Quantum computers, envisioned through various construction ideas, share a common ground: the utilization of quantum physical systems, like individual atoms, subjected to precise forces for specific durations. However, the linchpin for reliable quantum computing operations is a highly accurate clock.
The challenge arises due to the inherent impossibility of achieving perfect time measurement. Every clock possesses two critical aspects: precision and time resolution. Time resolution refers to the smallest measurable time intervals or the speed at which the clock ticks, while precision reflects the degree of inaccuracy with each tick.
Researchers have compellingly demonstrated that due to the finite availability of energy in any clock (or the generation of finite entropy), achieving both perfect resolution and precision concurrently is an insurmountable task. This realization establishes fundamental constraints on the potential of quantum computers.
In the classical realm, achieving flawless arithmetic operations is straightforward, akin to using an abacus with wooden beads. These beads, representing specific states, remain stationary unless moved deliberately. Quantum physics introduces complexity, where altering a quantum state corresponds to a rotation in higher dimensions. Precise timing is crucial, as inadequate or excessive rotation results in an undesired state.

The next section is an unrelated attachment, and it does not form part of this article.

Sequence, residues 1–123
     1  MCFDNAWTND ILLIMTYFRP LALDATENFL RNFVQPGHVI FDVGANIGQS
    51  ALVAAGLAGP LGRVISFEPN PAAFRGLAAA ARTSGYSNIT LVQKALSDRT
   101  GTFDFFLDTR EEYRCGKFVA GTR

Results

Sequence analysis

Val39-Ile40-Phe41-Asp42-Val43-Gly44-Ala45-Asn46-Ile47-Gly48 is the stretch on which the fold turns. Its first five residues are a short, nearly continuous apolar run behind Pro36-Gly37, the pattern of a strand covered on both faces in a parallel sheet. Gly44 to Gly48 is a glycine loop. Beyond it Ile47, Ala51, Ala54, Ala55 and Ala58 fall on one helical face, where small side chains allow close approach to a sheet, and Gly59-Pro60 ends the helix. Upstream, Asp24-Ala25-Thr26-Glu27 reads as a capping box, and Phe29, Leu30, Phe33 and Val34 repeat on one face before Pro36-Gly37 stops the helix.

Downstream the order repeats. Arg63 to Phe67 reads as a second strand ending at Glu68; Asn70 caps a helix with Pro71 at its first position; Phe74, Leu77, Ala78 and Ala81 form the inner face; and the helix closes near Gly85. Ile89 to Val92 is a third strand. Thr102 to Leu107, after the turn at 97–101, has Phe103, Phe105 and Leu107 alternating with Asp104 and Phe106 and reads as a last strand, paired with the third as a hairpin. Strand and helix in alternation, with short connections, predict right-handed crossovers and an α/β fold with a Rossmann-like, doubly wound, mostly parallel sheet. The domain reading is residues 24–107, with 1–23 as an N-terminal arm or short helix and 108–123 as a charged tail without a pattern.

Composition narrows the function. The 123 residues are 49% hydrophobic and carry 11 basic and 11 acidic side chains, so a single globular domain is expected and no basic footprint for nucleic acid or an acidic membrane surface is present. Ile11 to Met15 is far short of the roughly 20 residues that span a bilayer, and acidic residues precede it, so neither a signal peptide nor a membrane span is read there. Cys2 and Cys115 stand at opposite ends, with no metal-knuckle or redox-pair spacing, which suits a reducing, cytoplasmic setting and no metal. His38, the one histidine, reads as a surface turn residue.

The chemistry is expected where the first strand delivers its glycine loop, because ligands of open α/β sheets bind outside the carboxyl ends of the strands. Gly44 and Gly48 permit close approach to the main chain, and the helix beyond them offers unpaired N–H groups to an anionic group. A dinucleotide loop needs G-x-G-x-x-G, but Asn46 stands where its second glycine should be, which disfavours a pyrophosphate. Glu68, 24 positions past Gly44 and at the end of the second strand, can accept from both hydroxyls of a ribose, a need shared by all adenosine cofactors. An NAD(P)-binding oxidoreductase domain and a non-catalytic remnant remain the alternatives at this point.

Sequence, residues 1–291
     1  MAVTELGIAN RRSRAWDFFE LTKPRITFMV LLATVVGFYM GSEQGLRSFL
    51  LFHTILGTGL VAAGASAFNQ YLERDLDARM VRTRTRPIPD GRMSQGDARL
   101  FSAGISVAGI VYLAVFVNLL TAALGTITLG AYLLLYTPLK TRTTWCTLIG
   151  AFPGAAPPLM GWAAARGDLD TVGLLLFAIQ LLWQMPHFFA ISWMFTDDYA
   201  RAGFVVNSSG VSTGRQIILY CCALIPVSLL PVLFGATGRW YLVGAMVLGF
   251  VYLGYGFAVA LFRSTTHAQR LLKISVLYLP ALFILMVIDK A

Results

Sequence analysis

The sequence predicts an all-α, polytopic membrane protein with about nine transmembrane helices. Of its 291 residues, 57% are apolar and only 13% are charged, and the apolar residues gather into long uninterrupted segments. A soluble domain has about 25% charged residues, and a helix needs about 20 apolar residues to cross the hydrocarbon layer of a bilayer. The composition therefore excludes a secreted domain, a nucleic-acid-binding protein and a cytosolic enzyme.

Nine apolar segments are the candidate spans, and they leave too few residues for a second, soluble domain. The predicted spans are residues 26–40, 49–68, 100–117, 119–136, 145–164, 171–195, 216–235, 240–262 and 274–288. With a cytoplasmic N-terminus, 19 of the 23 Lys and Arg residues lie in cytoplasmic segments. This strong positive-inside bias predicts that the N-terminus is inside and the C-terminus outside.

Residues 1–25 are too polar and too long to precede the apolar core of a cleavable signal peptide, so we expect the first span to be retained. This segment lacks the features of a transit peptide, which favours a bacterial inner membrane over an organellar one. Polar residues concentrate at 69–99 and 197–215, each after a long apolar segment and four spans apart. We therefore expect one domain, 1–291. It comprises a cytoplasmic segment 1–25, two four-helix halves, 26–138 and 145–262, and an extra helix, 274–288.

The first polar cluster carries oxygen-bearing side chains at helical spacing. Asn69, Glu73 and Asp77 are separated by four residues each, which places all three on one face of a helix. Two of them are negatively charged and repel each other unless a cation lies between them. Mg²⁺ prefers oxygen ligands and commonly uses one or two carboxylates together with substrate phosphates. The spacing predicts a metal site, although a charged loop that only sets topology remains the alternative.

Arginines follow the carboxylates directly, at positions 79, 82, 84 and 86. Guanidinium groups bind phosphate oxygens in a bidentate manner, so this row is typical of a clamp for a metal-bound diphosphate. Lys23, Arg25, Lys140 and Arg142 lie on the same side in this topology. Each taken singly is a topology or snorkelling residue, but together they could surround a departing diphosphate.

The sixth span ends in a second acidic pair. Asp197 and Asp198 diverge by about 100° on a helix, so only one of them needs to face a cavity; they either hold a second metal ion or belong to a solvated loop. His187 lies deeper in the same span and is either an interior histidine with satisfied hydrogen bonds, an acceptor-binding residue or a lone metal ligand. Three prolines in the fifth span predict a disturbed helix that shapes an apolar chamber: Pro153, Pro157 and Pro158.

The research team, led by Marcus Huber, delved into the universal principles governing all conceivable clocks, revealing an inherent connection between time measurement and entropy. Entropy, the measure of disorder in a closed physical system, inevitably increases, determining the direction of time—higher entropy signifies the future, while lower entropy represents the past.
The team formulated a mathematical model dictating that, for a given entropy increase, there exists a tradeoff between time resolution and precision. Essentially, a clock can prioritize either speed or accuracy, but not both simultaneously. This realization imposes a natural limitation on quantum computers, as the achievable resolution and precision of clocks dictate the speed and reliability of quantum computations.
Presently, quantum computer accuracy is constrained by factors like component precision and electromagnetic fields. However, the research suggests that we are approaching a phase where the fundamental limits of time measurement will become a decisive factor as quantum technology advances. Although not an immediate concern, addressing non-optimal time measurement is on the horizon, potentially providing valuable insights into the quantum realm as quantum information processing technology evolves.